One embodiment of a process using the system as described is shown in Fig. 18 whereby Taps are placed within a Show Graph and acted upon appropriately by Gather and Scatter Agents. In response to data requested by a client, the server retrieves the requested Show Graph and generates a Gather Agent, step 434. The Gather Agent traverses the Show Graph until arriving at an element without a signal leading into it, e.g., a generator element, and places the data from the element into its buffer, step 436. The Gather Agent traverses subsequent elements comprising the Show graph, step 438, until arriving at a Tap of specified bandwidth, step 440. Each Agent is designed to analyze Taps that have a specific bandwidth. For example, a low bandwidth Agent is designed to analyze a tap encoding and decoding at 22 Kb/sec. This agent would not analyze data at a tap encoding and decoding at 56 Kb/sec.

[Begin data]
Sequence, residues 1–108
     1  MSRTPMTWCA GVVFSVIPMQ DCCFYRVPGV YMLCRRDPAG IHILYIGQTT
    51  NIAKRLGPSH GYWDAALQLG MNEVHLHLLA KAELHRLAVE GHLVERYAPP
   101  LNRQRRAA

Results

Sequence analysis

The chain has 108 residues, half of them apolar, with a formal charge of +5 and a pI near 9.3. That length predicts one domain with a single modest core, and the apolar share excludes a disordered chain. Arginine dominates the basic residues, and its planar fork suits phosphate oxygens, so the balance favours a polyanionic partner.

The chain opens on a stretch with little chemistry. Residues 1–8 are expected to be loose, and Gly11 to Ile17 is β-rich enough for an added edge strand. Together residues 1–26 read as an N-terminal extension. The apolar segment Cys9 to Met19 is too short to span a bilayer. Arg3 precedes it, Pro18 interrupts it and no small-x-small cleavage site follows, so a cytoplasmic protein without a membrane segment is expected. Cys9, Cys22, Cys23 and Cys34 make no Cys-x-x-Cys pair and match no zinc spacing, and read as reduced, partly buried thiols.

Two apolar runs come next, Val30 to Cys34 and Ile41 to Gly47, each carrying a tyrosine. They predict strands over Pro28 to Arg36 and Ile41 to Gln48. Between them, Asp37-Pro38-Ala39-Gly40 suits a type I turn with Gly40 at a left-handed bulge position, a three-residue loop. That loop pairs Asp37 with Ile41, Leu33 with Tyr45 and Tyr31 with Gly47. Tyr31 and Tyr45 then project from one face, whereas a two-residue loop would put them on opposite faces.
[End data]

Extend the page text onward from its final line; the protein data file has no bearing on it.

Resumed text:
Once the Agent arrives at the specified Tap, data contained within its buffer is encoded, the Agent deactivates, and traverses the Show Graph until arriving at the Show Node, step 442. A check is performed to determine if additional child paths radiate from the Show Node. Where additional child paths are present, step 444, the process of steps 436 through 442 is performed on each path.

The encoded data buffer is transmitted from the server, step 446, and received by requesting clients, step 448. The client generates a Scatter Agent and initializes it with the received data buffer, step 450. Starting at the Show Node, the Scatter Agent traverses each element in the Show Graph, step 452, until it reaches a generator element, step 454. The Agent reverses direction when it arrives at a generator, but remains inactive, step 456.. The Agent moves away from the generator toward the Show Node, step 460, until it arrives at a Tap where data is delivered to the signal data buffer and decoded, step 462. For example, a client utilizing a low bandwidth Scatter Agent only activates at low bandwidth Taps.